To start, each app you want to integrate with may have implemented the token refresh flow differently.
Some apps let you keep your existing refresh token indefinitely.
- ie. Google, where you can use a single refresh token forever
Some apps will issue you a new refresh token after every access token retrieval.
- ie. QuickBooks, which gives you a new refresh token every time you get a new access token
Some apps limit how many refresh tokens you can generate per organization
- ie. Salesforce limits an organization to 5 refresh tokens - any more and the rest are immediately invalidated
Some apps have expiring refresh tokens (expiry completely up to the app developer).
- ie. Netsuite’s refresh tokens expire every 3 hours if unused, Outlook refresh tokens after 60 days, etc.
Some apps have different Inactivity and Absolute Expirations
- ie. Jira has a 90 day inactivity expiry and a 365 day absolute expiry (which forces your users to re-auth no matter what)
While each of these adhere to the general OAuth standard, you can’t leverage the same approach to handle every integration’s auth. Not accounting for all the edge cases can lead to many production-level challenges with your integration after going live.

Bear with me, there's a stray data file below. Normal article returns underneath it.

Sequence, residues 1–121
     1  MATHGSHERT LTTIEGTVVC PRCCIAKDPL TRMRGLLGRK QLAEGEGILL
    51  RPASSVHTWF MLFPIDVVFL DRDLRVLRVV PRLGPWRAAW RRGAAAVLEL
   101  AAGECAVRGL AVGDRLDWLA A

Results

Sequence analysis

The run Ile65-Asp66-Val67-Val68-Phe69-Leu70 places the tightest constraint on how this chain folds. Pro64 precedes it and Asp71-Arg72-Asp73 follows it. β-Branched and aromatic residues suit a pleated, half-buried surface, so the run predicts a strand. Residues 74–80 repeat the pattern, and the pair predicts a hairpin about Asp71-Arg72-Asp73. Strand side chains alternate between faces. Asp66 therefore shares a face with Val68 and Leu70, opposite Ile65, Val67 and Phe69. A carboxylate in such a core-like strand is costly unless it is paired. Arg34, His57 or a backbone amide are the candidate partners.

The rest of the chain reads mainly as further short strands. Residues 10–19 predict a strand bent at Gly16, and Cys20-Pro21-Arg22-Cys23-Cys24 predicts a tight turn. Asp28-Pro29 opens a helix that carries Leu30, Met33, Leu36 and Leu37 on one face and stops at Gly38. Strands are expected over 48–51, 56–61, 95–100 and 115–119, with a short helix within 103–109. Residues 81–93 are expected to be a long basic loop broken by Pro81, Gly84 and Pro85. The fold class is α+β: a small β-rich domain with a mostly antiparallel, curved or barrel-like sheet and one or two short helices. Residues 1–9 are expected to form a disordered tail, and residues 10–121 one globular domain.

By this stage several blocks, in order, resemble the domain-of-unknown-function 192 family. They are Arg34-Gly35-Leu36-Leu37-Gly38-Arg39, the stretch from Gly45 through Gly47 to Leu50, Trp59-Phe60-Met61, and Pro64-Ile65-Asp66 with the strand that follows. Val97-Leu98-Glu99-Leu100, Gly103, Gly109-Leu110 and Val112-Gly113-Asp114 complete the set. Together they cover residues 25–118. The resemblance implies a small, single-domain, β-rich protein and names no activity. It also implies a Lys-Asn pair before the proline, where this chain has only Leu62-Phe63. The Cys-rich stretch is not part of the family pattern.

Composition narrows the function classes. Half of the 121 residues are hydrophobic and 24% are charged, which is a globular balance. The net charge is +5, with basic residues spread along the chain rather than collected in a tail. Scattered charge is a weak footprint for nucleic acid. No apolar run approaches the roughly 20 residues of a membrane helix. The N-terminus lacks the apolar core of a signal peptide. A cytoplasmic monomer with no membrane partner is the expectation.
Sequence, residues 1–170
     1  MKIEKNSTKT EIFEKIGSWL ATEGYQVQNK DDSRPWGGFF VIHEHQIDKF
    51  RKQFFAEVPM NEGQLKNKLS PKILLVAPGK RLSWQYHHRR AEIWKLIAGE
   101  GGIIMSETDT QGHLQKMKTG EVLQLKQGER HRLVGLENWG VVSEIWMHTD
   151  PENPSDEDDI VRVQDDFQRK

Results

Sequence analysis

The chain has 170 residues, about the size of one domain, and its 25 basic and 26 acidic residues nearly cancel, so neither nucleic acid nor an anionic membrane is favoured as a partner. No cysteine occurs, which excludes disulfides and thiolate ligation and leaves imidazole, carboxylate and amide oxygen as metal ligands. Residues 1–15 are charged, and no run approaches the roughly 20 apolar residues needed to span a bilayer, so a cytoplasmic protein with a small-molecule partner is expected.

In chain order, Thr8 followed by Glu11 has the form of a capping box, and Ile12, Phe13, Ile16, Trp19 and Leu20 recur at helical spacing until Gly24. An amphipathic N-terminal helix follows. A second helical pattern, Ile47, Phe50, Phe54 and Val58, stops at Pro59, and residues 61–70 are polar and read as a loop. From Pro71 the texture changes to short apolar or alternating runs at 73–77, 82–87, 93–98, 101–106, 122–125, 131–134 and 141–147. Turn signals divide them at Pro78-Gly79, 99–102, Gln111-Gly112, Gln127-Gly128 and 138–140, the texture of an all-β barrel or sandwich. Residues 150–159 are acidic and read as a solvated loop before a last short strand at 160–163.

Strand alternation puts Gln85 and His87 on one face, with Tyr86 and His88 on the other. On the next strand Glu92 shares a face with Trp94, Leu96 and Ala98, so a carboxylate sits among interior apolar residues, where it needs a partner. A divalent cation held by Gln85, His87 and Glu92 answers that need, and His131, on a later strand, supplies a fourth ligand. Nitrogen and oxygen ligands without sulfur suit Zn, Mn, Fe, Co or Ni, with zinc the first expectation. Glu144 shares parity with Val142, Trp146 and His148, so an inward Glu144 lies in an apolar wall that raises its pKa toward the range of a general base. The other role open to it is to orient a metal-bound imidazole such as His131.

That’s why our integrations engineering team had to become OAuth experts in order to build the unified layer for auth that all our customers rely on for their products’ native integrations.
On the bright side, this led to Paragon releasing its Custom Integration Builder which enables customers to rely on our authentication service for any native integration, beyond our 100+ pre-built connectors.
Preventing Race Conditions
If you’re able to comprehensively handle the complications with the varying refresh policies, next comes the challenge of preventing race conditions when refreshing tokens. Never fun to deal with when it comes to distributed systems.
Just as one example, if a token is being refreshed, but a concurrent request is made to the 3rd party API, what do you do?
In many cases, such as with QuickBooks, if you accidentally use a stale token, it will not only return an 400 unauthorized error on the request, it will also invalidate all other tokens, including the one being refreshed.
To prevent race conditions, we introduced a token mutex as a locking mechanism.
This means that if a refresh job obtained the token mutex, all requests to that specific 3rd party service would be paused until it completes.
Handling Forced De-authorization